American English – often abbreviated to AmE – is a variant of the English language, spoken mainly in the United States. About two-thirds of the world’s native speakers of English live in America and speak this variant.
English was introduced to North America by British settlers during the colonization period (17th century). It was also influenced by the many different nationalities which settled in the US since then and, to a certain extent, by the languages spoken by the Native American population.
These days American English is one of the main varieties of English taught around the world (along with British English). Different countries – due to historical and political influence – often have a preference for one or the other. However for English teachers there is very little to choose between the two. It is not difficult for an American teacher to teach British English and vice versa, for example.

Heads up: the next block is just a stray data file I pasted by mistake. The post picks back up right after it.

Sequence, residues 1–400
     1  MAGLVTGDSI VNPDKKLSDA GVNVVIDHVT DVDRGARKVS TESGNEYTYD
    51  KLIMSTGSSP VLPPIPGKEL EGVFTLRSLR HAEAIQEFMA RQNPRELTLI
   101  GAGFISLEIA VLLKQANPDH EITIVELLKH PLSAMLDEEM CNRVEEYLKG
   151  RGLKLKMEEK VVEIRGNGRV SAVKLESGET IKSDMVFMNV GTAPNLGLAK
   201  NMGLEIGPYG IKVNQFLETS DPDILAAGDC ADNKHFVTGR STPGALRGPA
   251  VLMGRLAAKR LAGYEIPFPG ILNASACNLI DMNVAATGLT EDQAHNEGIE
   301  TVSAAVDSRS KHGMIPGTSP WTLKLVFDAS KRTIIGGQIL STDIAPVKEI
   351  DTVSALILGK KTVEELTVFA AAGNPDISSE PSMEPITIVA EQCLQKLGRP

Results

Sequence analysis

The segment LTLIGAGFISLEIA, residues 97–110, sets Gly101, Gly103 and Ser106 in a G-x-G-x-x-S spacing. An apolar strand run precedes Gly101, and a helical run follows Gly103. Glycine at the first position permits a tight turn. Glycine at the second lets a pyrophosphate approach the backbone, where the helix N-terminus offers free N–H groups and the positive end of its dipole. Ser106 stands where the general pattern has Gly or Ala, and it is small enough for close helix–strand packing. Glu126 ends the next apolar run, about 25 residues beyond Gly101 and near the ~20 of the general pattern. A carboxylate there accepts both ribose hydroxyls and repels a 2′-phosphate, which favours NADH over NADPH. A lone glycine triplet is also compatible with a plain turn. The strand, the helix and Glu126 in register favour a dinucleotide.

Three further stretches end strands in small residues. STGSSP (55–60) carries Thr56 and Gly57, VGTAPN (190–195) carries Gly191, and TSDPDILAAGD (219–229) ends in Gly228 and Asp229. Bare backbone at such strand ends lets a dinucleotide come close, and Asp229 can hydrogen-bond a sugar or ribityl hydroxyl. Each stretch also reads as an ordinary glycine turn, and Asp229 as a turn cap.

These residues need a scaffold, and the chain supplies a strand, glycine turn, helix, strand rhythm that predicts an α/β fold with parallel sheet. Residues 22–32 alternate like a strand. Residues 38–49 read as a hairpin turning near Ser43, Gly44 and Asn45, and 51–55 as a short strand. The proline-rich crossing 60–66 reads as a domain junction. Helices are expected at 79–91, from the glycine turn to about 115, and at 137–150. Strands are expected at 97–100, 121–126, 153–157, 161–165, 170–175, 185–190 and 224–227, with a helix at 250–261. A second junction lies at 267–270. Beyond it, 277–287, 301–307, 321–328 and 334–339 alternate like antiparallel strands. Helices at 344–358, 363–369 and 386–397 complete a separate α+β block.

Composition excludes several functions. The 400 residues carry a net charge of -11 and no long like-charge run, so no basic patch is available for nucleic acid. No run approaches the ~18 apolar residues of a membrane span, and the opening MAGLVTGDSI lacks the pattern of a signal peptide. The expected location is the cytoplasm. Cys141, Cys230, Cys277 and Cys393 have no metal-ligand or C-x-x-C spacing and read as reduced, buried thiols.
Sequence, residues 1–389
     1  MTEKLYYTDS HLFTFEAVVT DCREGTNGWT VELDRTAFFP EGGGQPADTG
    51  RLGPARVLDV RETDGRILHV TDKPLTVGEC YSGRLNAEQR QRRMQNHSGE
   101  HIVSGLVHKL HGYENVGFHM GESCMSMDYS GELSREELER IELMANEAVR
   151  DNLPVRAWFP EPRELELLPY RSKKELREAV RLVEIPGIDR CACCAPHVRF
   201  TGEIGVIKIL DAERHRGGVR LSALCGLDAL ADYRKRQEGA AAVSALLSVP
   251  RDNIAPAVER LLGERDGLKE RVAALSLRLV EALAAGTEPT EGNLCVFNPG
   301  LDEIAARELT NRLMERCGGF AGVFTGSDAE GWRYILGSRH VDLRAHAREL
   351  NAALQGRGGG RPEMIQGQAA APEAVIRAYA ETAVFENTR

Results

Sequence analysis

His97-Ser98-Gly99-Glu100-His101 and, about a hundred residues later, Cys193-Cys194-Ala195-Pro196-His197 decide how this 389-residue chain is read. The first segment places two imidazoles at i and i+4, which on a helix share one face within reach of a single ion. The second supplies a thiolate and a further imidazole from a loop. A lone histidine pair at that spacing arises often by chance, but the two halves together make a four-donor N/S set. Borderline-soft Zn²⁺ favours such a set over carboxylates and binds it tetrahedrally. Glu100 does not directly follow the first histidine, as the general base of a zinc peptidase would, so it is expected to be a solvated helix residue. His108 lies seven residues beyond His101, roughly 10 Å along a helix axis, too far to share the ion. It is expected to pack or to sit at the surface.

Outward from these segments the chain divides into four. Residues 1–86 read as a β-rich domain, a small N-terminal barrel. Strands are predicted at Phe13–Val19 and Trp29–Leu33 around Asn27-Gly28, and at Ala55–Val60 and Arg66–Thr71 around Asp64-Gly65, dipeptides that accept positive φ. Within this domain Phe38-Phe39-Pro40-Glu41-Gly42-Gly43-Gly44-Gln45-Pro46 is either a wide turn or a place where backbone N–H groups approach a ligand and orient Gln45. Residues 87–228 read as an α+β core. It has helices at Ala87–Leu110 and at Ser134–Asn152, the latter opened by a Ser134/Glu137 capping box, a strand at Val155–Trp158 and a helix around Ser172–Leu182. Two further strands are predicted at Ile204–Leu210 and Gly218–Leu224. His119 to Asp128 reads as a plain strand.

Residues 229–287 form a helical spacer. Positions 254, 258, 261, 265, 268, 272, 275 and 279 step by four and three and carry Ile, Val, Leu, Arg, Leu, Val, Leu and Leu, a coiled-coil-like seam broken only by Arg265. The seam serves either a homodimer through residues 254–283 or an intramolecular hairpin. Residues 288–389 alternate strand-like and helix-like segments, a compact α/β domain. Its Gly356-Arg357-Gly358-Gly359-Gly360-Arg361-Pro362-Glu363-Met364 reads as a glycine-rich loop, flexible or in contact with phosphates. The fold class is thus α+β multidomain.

American English vs British English
The most obvious differences between American English and British English (BrE) are in pronunciation and vocabulary although there are also a few differences in grammar.
For a list of major differences see Varieties of English Grammar and Varieties of English Vocabulary.
Unlike most British English accents, American English is generally rhotic, that is it the letter r is pronounced in all positions of a word. As an example take the word butter. In British English this is likely to be said as:
Whilst in American English it’s likely to be said as:
There are, of course, a number of other differences. In the example above you can see also that in American English a /d/ sound is often used where British English uses a /t/ sound:
This leads to situations where some American students will write about their personal tudor instead of their personal tutor, for example.